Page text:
Veteran gay activist Peter Tatchell has turned down an invitation to an event at the Queen’s platinum jubilee because of the monarch’s “neglectful stance towards the LGBT+ community”.
In the UK, Queen Elizabeth is celebrating her 70 years on the throne this year. The national celebrations include a four-day long weekend of events in early June.
Australian-born, UK-based activist Peter Tatchell has campaigned on LGBTIQ+ rights since 1967.
Tatchell said he’d received an invite to attend the big June 5 finale outside Buckingham Palace among a group of 100 “national treasures… paying tribute to Her Majesty”.
The national treasures are “celebrated, respected and admired people from many spheres – theatre, film, television, music, literature, sport, the sciences and business,” according to the invite.
But Tatchell, a self-described “lifelong republican and a thorn in the side of the establishment,” told The Guardian he’d declined the admittedly “gracious” invitation to the “gigantic public relations exercise” for a “flawed institution”.
“I do not wish to participate in a pageant that celebrates a monarchical regime based on hierarchy, deference and inherited wealth, status and power,” he said.
“For decades, I’ve championed a fair deal for everyone, against the elitism and privilege epitomised by royalty.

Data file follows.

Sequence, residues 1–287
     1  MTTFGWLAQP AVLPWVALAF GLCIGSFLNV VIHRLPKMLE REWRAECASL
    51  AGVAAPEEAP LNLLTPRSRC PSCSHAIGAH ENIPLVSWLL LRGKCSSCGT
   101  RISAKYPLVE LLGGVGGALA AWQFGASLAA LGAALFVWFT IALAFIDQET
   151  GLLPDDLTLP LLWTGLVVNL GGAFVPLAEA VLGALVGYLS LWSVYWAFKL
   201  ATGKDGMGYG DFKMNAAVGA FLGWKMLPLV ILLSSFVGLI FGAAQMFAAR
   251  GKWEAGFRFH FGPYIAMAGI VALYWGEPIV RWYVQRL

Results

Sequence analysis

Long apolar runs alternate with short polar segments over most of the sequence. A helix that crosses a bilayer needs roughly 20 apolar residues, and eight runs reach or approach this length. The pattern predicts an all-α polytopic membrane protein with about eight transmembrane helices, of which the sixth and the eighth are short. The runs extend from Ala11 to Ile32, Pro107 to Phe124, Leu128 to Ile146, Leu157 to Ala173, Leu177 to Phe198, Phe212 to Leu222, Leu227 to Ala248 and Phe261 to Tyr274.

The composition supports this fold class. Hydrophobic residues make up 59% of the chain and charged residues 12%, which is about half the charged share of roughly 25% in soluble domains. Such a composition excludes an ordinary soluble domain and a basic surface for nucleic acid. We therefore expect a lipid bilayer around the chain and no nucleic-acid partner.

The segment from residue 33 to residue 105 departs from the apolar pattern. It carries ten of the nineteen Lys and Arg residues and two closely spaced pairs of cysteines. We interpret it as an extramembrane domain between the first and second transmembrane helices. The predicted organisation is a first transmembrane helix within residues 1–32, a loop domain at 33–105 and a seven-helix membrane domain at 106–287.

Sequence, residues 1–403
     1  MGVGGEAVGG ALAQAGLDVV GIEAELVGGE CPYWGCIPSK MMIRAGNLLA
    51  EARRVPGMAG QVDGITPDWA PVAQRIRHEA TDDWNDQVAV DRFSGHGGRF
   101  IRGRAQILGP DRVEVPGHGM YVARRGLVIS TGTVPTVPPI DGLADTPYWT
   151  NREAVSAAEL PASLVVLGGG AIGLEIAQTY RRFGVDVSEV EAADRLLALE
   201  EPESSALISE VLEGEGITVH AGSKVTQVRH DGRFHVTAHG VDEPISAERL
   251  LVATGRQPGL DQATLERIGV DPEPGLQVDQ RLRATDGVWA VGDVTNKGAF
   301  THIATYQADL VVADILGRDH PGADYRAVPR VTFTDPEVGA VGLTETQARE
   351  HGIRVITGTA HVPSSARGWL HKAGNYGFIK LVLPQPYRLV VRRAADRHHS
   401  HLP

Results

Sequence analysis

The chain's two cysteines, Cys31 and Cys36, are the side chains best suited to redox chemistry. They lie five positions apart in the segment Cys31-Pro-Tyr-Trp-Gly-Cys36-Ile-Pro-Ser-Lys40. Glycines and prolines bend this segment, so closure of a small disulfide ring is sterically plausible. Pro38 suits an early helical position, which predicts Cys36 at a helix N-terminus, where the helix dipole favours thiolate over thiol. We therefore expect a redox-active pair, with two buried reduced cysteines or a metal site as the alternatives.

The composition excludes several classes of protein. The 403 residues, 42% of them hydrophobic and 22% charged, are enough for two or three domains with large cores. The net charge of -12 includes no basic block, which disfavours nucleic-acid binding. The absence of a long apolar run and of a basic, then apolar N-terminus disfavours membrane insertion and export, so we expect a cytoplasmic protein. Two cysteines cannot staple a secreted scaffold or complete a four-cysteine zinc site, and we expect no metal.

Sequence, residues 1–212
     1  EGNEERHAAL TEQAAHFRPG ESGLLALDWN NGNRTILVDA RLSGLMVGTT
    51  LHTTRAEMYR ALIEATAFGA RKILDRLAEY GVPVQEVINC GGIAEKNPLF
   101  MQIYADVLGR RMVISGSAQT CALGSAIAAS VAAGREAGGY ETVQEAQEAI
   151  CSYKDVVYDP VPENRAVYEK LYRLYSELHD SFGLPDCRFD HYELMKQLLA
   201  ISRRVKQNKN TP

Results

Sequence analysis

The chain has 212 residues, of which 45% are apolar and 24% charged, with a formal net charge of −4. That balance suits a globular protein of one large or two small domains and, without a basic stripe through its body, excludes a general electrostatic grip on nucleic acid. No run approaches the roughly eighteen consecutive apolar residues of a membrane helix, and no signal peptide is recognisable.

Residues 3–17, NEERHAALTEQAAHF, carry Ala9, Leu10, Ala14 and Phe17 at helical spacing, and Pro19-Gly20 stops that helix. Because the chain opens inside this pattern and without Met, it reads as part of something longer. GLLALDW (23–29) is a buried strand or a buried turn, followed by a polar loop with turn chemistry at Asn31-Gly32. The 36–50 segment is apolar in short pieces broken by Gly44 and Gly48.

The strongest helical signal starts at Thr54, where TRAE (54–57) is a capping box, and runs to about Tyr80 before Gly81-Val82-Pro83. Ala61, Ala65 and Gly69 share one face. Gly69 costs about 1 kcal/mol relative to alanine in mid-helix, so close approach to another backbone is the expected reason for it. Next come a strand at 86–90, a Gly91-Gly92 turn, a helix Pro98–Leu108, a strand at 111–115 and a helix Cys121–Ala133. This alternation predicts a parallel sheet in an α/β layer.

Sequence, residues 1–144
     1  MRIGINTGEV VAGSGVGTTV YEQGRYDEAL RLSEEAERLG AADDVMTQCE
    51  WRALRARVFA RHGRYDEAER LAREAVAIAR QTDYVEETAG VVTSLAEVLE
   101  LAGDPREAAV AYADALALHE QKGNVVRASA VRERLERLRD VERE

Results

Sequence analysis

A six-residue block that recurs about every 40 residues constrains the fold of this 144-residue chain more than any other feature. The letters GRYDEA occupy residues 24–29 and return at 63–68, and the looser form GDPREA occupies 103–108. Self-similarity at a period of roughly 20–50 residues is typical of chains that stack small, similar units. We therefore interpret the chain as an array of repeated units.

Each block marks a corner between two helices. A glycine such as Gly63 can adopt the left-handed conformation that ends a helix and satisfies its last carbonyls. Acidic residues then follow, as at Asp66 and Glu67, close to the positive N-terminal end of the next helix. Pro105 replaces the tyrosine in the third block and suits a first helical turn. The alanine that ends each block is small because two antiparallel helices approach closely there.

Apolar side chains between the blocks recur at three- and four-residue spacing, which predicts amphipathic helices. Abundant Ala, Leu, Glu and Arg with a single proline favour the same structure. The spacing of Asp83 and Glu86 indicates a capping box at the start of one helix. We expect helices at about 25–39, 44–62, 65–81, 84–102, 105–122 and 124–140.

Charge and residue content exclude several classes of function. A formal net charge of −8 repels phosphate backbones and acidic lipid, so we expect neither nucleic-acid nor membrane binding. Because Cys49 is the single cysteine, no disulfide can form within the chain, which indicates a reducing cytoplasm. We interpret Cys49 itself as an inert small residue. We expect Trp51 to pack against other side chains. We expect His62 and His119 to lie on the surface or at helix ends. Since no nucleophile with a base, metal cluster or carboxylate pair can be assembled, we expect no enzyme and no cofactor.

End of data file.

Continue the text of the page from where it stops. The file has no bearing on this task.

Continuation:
“I’m mindful that the establishment uses flattery and honours to disarm critics and radicals, and suck them into the system. I declined the invitation.”
Peter Tatchell says community ‘ignored for 70 years’
On LGBTIQ+ rights, Peter Tatchell added to his knowledge, the Queen “has never publicly acknowledged that LGBT+ people exist.”
“While I doubt that the Queen is a raging homophobe, she doesn’t appear to be gay friendly,” he said.
“The words lesbian, gay, bisexual and transgender have never publicly passed her lips since she ascended the throne in 1952.
“The Queen has never been a patron of any LGBT+ charity, despite being patron of more than 600 organisations.
“After the 1999 Soho gay pub bombing, which killed three people and injured more than 70 others, she did not visit the bomb scene or the victims in hospital.”
Tatchell also claimed for many years Buckingham Palace prohibited staff from bringing same-sex partners to the Christmas ball.
“To be ignored for 70 years feels like a deliberate snub,” Tatchell said.
“From one human being to another, I wish the Queen well. But I cannot join the celebration of her reign.”
Instead, Peter Tatchell told The Guardian he plans to spend the jubilee weekend talking about trans rights at an arts and philosophy festival in Wales.
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